Still, Weiland said he expects his firm "to see a fair amount of business" as property owners hire lawyers for talks over selling their land to the state.

After the state appraises a parcel, it can make an initial offer to a landowner. The owner has the right to have his own appraisal done at the state's expense.

If the two sides can reach agreement, "then that's the end of it," Brewer said.

But if there is a chasm between what the state wants to pay and what the owner believes he or she is due, the state can proceed with a public hearing on what's called a resolution of necessity to seize the land. Negotiations, however, can continue all the way through the process, even into a trial.

"These public agencies typically send out a right-of-way agent, and these guys are pretty savvy," Brewer said. "Their job is to try to talk the property owner into accepting the initial offer and discourage them from talking to an attorney."

Attorneys don't come cheap. Some charge based on their billable hours invested in a case. Some charge a contingency fee based on a percentage of the amount ultimately recovered, while others base their contingency percentage only on what they successfully gain for their client above the government's original offer.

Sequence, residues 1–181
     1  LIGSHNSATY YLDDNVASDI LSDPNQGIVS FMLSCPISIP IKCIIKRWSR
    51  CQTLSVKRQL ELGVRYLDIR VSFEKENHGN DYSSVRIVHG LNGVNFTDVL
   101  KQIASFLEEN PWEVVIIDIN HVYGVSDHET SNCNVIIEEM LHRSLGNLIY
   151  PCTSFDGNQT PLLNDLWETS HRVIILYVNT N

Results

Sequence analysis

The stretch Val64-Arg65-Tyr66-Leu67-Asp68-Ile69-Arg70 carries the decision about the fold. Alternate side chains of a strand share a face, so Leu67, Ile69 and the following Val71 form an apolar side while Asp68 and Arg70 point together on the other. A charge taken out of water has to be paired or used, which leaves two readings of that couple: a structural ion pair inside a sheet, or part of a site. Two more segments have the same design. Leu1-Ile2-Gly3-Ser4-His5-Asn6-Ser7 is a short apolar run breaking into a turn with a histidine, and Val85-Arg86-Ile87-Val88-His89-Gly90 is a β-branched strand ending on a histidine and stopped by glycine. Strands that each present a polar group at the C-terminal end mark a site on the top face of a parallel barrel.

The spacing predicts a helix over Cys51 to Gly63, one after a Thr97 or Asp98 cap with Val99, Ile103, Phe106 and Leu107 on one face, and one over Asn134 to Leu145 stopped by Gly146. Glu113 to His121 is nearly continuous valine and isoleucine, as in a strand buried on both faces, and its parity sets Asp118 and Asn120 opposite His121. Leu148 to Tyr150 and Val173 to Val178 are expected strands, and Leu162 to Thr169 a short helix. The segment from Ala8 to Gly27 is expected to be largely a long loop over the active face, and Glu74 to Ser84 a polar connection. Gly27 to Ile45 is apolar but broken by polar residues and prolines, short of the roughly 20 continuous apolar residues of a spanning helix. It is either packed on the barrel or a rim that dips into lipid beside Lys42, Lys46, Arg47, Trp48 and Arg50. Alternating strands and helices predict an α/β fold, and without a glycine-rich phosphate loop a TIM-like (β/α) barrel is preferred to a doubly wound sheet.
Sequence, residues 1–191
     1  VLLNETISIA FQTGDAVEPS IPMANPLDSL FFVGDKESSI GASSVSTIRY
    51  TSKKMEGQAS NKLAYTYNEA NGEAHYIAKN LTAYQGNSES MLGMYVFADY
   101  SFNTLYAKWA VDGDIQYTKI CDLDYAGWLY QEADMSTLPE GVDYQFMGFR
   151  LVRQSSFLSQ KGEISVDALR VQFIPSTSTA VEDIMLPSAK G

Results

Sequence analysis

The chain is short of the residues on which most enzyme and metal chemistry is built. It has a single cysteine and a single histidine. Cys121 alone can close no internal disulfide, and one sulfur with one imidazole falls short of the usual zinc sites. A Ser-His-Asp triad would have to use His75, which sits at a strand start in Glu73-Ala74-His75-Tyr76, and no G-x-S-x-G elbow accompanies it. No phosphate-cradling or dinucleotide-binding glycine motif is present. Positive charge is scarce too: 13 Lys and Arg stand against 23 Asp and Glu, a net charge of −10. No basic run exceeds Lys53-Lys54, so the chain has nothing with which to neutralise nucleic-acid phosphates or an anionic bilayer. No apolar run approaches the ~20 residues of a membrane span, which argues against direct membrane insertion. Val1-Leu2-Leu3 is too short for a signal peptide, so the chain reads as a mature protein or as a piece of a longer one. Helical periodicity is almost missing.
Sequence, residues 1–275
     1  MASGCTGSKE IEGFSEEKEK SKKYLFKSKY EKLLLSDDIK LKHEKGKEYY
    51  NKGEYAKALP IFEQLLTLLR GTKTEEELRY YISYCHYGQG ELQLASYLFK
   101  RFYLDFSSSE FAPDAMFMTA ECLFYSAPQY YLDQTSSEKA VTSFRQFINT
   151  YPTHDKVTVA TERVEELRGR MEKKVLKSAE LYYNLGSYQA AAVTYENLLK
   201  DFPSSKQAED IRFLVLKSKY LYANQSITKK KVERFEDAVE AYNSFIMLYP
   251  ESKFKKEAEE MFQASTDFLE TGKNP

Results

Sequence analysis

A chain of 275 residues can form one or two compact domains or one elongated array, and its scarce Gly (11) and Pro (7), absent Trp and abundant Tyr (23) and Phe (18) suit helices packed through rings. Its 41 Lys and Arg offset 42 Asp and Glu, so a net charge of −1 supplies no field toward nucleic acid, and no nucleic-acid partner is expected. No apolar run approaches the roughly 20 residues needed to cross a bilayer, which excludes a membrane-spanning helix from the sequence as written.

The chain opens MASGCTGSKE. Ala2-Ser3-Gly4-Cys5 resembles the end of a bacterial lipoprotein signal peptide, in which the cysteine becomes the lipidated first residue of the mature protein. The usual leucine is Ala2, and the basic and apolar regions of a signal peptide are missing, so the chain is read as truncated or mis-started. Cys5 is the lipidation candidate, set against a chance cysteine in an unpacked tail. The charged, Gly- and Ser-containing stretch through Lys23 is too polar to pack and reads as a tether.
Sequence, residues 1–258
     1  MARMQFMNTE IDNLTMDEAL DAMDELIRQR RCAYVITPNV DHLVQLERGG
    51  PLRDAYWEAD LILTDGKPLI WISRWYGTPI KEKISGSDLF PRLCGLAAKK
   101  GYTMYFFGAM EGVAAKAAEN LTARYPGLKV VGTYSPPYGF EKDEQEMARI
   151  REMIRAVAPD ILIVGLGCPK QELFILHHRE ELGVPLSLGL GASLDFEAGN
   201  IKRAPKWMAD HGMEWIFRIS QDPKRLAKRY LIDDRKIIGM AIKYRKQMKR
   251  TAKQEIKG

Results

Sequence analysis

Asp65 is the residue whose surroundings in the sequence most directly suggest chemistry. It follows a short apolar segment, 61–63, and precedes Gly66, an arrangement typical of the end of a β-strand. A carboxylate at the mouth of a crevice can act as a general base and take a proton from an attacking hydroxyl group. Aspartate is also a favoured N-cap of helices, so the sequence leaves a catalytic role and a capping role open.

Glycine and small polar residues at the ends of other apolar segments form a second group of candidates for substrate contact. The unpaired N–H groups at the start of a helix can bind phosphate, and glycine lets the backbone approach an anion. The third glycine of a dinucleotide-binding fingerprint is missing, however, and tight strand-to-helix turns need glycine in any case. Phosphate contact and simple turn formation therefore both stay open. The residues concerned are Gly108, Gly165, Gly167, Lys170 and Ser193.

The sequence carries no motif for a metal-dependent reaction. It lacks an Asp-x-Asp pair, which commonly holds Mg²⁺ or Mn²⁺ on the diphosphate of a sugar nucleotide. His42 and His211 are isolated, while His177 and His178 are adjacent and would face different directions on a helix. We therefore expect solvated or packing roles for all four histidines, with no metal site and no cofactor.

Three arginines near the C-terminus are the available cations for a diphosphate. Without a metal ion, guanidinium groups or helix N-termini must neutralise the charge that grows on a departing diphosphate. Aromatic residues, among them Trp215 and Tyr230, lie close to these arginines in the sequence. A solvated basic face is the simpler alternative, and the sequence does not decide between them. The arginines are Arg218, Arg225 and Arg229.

In some instances, if a judge determines that the government's offer was unreasonably low, the court can order the state to pay the property owner's legal fees as part of the award.

But the complexity of eminent domain law, and the wide range of considerations that can affect the ultimate sale price, make having an attorney worth the cost, Brewer said. "I've never not recovered more than what the government initially offered."